Interlochen Arts Academy student Neenah Fuste organizes “Music for Hope” concert to raise money for the Leukemia & Lymphoma Society

The March 5 concert will feature performances by Arts Academy students and faculty from across artistic disciplines and genres.

Neenah Fuste

Interlochen Arts Academy student Neenah Fuste

Neenah Fuste remembers a childhood full of singing—until her little brother Mason, then 5 years old, was diagnosed with acute lymphoblastic leukemia. Over the course of his debilitating chemotherapy treatment, “the music went away for a while,” Fuste recalls. When her brother finally emerged cancer-free and began to regain his strength, Fuste started singing again. “After a three-and-a-half year period of hiding away music, I immediately returned to it and never wanted to let it go,” she says. 

Now a junior at Interlochen Arts Academy studying classical voice under the direction of Laura Osgood Brown, Fuste is organizing a concert to help raise money for the Leukemia & Lymphoma Society (LLS). “Music for Hope” will take place on Saturday, March 5, at 7:30 p.m. at Interlochen’s Dendrinos Chapel and Recital Hall. The program will feature performances by Arts Academy students and faculty from across artistic disciplines and genres. For those unable to attend in person, it will be streamed on the Interlochen website and on Facebook. (No tickets are needed and the concert is free; listeners will be encouraged to make a donation to LLS via Fuste’s official fundraising page.) 

“Music for me is a way of connecting people and spreading hope and happiness,” Fuste says. “I want to bring light to the darkness of cancer. The cancer journey is so very difficult for both patients and families. So many emotions consume you. Our goal with Music for Hope is to share music that evokes many of those emotions. Even though the fear of cancer tries to monopolize your thoughts, it is hope and love that are needed to pull you through.”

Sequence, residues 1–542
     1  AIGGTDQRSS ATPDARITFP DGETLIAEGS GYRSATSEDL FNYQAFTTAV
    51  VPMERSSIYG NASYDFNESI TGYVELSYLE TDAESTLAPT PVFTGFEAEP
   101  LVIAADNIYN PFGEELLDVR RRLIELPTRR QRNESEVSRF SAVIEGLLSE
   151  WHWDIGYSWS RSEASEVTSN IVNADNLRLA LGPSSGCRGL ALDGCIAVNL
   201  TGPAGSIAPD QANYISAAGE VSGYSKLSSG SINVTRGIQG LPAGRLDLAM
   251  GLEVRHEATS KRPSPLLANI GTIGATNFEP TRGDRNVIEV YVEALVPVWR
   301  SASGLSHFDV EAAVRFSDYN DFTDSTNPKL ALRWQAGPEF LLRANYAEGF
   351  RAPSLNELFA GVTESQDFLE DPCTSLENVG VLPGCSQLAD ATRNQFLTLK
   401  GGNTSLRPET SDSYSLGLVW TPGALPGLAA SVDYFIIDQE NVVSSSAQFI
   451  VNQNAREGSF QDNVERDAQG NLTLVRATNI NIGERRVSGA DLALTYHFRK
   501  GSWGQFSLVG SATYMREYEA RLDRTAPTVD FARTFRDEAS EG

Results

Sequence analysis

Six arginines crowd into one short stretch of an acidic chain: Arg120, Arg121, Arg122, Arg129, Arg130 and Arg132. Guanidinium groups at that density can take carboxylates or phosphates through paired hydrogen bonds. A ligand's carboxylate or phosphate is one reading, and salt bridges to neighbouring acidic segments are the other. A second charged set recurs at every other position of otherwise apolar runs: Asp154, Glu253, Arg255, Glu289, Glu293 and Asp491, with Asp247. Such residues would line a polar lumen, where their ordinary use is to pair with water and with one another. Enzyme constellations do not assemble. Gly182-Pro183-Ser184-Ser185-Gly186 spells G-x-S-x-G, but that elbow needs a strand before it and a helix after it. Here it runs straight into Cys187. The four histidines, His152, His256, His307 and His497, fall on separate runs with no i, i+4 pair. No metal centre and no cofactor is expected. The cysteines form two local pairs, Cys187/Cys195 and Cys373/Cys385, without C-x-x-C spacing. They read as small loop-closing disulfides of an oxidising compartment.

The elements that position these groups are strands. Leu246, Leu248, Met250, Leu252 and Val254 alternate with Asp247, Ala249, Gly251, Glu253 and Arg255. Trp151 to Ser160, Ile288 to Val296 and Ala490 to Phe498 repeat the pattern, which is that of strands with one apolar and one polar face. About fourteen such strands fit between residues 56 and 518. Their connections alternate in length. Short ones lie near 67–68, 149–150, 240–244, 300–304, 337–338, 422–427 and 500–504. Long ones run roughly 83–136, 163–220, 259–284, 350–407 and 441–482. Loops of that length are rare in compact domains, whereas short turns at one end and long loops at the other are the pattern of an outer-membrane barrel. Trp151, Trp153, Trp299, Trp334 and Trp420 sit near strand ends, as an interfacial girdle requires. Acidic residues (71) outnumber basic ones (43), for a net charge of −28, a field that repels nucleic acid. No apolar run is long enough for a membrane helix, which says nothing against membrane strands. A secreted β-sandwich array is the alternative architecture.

In the fall Fuste was nominated to participate in “Students of the Year,” LLS’s prestigious leadership development philanthropy program for high school students. Students create a multigenerational team and lead a seven-week fundraising campaign that culminates with a celebration gala in Madison, Wisconsin on March 11. 

Fuste started her campaign with a fundraising goal of $50,000. If she meets her goal she will get to choose where the funds are allocated at the LLS and would direct them to the Children’s Initiative, a new program that will focus on finding less toxic treatments for pediatric blood cancer patients. “I want to help find better chemotherapy medicines for children,” Fuste says. 

Fuste first got involved with LLS during her brother’s illness. The family attended one of LLS’s “Light the Night” events, where participants gather together for a walk as they hold up lanterns of different colors representing cancer supporters, survivors, and those mourning for people who lost their lives. “We walked the mile loop and my younger brother was very inspired. It gave him hope that everything would be okay,” Fuste says. 

Someone is diagnosed with blood cancer every three minutes, and leukemia is the No. 1 most diagnosed cancer in children.

At Interlochen, Fuste draws inspiration from the core value of citizen artistry and creating art in service to others. “We have so many opportunities here that other students don’t have,” she says. “There’s so much talent, and we should share it with the public to connect people and create positive change.”